Cohabitating with my doubts.

Tumblr Post #1 (December 2015)

I’ve been told that the hardest thing about writing a novel is convincing yourself that what you have to say is worth being told. Actually…no one has told me this. But it’s something that I’m learning along the way. I am currently on my third attempt at writing my first serious book and just within the past two months, I’ve seen it evolve from an anthology to a bibliography to a fiction that incorporates stories inspired by actual events in my life.

Prior to my current stage of writing, I spent a great deal of time trying to build enough courage to actually put pen to paper. Of course no one told me that it would be easy to write a book. However, for some reason I was under the impression that once I made up my mind to actually start writing, then the hard part was over. WRONG. Not only did I immediately start doubting myself as soon as the first words were written, but I’m still hesitant with each paragraph that I complete. With that being said, I still try to maintain a level of confidence in my writing and storytelling abilities by reminding myself that if absolute idiots can write books, both fiction and nonfiction, then so can I.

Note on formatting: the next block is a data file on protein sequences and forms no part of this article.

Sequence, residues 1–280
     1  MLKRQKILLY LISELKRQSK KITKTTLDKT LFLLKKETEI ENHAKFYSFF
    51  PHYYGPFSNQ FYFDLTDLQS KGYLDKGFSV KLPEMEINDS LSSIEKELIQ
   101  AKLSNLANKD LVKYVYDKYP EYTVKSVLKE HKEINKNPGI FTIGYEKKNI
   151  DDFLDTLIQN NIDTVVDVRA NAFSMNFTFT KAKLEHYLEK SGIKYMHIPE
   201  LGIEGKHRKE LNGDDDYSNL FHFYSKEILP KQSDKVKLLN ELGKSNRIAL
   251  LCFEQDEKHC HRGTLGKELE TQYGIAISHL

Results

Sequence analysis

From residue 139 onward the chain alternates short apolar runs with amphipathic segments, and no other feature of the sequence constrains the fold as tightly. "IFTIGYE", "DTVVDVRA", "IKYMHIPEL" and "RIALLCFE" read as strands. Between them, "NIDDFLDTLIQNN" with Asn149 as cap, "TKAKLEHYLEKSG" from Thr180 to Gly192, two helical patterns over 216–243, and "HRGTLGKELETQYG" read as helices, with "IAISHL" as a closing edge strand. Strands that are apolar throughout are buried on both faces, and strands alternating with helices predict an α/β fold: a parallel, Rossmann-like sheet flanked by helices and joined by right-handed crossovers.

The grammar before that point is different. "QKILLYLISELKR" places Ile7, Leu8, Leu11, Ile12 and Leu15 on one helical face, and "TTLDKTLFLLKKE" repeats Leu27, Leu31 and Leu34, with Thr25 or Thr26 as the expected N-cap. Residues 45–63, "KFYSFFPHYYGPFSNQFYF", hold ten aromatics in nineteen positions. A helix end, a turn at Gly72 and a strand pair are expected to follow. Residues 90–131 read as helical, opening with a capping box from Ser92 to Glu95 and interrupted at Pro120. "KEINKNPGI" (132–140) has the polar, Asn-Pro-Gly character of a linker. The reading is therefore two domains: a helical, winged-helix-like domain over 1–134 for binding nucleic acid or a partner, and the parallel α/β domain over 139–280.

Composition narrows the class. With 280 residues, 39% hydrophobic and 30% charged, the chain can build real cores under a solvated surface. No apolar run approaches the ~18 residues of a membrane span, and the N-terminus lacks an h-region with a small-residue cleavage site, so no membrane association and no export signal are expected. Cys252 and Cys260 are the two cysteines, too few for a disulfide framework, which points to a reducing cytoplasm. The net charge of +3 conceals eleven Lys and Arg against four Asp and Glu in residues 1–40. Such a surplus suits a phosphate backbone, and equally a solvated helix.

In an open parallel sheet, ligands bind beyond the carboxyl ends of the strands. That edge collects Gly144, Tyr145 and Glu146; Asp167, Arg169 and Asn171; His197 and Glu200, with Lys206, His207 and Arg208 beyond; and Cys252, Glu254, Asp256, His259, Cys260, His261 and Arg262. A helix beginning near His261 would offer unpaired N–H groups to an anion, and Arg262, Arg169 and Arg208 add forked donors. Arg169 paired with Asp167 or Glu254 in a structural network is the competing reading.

The only thing that sets these idiots apart from me is their ability to get out of their own way and write despite themselves. They were able to get out of their own heads and write despite the little voice questioning whether what they were attempting to say had already been said; had already been written by other literary great like Toni Morrison and Maya Angelou. Somehow, these idiots were able to write in the face of their doubts telling them reconsider, reevaluate and reimagine.

Now that I think about it, maybe they aren’t idiots after all…at least in this context. They’ve been able to mentally conquer a feat that I have yet to figure out how to do. I’m sure it’s going to take some time. And who know, maybe there’s actually no cure for first-time-writer’s paranoia. Maybe the idiots and the greats alike never really learn how to tune out the internal voices telling them that what they have to say probably isn’t as important as they may think. Instead, they just learn to live with the doubts without letting the doubts consume them.

Cohabitation is key.

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